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The (Pre) History of Clovis

Early Colonizers of the American Continent

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Clovis from North America

Clovis from North America

Clovis points, Center for the Study of the First Americans, Texas A&M University
Clovis Site Well

Glen Evans at the site of an Archaic period well at Blackwater Draw

David J. Meltzer (c) 2005
Archaeological Excavations at the Gault Clovis site

Archaeological Excavations at the Gault Clovis site

[Image courtesy of the Center for the Study of the First Americans, Texas A&M University]

Clovis is the name archaeologists have given to the earliest well-established human culture in the North American continent. Clovis were the first big game hunters of the Paleoindian tradition, although they were probably not the first people in the American continents. The first people are tentatively called Pre-Clovis, I suppose for lack of a better terminology.

Clovis archaeological sites are dated between 11,000-10,800 RCYBP (which converts to circa 12,500-12,900 calendar years before the present) and they are found pretty much throughout North America. The point and culture are named after the town in New Mexico near where it was first identified, although the name of type site is officially Blackwater Draw Locality 1.

Clovis Life Styles

The Clovis people were primarily, but not exclusively of course, big game hunters of megafauna, now extinct forms of large bodied animals like mammoth, bison, horse and camel, hunted using a highly mobile hunting strategy.

Environmental conditions at the time were dry, and it might be speculated that the Americans took up big game hunting (from the mixed hunter-gatherer-fisher strategy of pre-clovis) as an adaptation to drought. But, for whatever reason the people started hunting elephants and horses and bison, the big-game hunting strategy only lasted as long as there were big game to hunt.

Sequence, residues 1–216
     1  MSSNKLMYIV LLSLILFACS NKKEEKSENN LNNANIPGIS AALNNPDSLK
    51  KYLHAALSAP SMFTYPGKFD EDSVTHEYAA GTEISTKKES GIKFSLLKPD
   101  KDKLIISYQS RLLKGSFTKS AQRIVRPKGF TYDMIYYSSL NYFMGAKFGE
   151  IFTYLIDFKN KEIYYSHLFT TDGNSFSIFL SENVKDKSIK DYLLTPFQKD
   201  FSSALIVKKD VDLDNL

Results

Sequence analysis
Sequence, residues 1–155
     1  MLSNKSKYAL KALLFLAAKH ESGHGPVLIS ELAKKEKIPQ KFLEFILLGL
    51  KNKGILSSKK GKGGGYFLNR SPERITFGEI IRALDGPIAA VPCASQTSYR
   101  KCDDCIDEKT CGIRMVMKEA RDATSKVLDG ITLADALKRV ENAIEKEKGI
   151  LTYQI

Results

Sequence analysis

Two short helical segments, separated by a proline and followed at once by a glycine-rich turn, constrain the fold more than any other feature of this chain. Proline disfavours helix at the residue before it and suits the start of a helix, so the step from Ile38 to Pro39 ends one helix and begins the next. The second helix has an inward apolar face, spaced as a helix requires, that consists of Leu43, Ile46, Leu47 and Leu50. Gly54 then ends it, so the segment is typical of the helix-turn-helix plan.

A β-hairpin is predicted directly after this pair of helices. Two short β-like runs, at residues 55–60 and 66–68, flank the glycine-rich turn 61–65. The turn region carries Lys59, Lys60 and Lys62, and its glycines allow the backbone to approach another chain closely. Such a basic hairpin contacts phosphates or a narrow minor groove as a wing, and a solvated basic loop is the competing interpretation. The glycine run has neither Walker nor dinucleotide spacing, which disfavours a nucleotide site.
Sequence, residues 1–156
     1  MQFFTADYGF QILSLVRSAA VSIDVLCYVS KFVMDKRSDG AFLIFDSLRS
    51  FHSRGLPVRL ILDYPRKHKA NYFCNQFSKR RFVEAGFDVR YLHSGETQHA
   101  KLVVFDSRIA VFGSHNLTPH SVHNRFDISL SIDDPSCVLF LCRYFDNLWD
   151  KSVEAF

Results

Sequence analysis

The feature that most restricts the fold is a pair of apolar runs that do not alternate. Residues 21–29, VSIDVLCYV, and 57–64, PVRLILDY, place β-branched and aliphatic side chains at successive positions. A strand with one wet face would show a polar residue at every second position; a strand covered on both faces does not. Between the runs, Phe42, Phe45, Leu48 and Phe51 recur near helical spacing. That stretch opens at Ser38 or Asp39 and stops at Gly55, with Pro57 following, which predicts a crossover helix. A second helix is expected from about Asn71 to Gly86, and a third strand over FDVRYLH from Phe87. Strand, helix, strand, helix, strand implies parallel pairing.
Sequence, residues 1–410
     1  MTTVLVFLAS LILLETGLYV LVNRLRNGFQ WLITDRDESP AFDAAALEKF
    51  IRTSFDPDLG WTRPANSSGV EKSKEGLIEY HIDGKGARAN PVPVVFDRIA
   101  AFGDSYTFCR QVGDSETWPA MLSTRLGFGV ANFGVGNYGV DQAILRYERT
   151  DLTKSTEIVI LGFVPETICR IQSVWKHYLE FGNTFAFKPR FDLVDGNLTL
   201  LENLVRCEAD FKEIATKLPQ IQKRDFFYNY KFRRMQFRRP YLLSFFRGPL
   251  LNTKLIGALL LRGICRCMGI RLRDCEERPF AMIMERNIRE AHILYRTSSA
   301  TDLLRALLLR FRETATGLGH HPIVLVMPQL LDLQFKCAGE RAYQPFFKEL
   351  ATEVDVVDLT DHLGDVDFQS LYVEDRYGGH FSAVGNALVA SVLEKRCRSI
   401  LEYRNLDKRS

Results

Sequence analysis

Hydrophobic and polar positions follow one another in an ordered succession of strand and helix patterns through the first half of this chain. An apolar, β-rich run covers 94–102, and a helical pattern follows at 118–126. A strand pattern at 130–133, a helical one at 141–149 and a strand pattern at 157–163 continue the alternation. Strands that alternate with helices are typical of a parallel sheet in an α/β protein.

The End of Clovis

The end of the big game hunting strategy used by Clovis appears to have occurred very abruptly, sometime about 9,800 to 10,800 RCYBP. The reasons for the end of big game hunting is, of course, the end of big game: most of the megafauna disappeared about the same time.

Scholars are divided about why the big fauna disappeared, although currently they are leaning towards a natural disaster combined with climate change that killed off all the large animals. It's possible that the extinction was helped along by over-kills. Overkills are known from buffalo jumps at the Murray Springs and Head-Smashed-In sites, among others. A buffalo jump is when a herd of buffaloes are purposefully stampeded off a cliff; the hunters then butcher a few of the animals and leave the rest, usually with quite a bit of waste. But, there aren't that many buffalo jumps and no elephant jumps, so, that kind of evidence is not strongly compelling.

One recent discussion of the natural disaster theory concerns the identification of a black mat marking the end of Clovis sites. This theory hypothesizes that an asteroid landed on the glacier that was covering Canada at the time and exploded causing fires to erupt all over the dry North American continent. An organic "black mat" is in evidence at many Clovis sites, which is interpreted by some scholars as ominous evidence of the disaster. Above the black mat are no more "clovis" sites.

Read more about the Black Mat theory

Clovis Sites

Despite the brevity of the culture (between 300-500 years), Clovis sites are found throughout the United States, northern Mexico and southern Canada. Very few large Clovis sites are known--the largest is the Gault site in Texas.

An equivalent big-game hunting lifestyle in South America is characterized by Fishtail Points.

Clovis Sites

Clovis Issues

Sources

This glossary entry is part of the About.com Guide to Paleoindians in America and the Dictionary of Archaeology.

Boldurian AT. 1991. Folsom mobility and organization of lithic technology: A view from Blackwater Draw, New Mexico. Plains Anthropologist 36(137):281-295.

Meltzer DJ, and Collins MB. 1987. Prehistoric water wells on the Southern High Plains: Clues to Altithermal climate. Journal of Field Archaeology 14:9-28.

Seebach JD. 2002. Stratigraphy and Bonebed Taphonomy at Blackwater Draw Locality No. 1 during the Middle Holocene (Altithermal). Plains Anthropologist 47(183):339-358.

Smallwood A. 2012. Clovis Technology and Settlement in the American Southeast: Using Biface Analysis to Evaluate Dispersal Models. American Antiquity 77(4):689-713.

Waters MR, and Stafford Jr. TW. 2007. Redefining the Age of Clovis: Implications for the Peopling of the Americas. Science 315:1122-1126.

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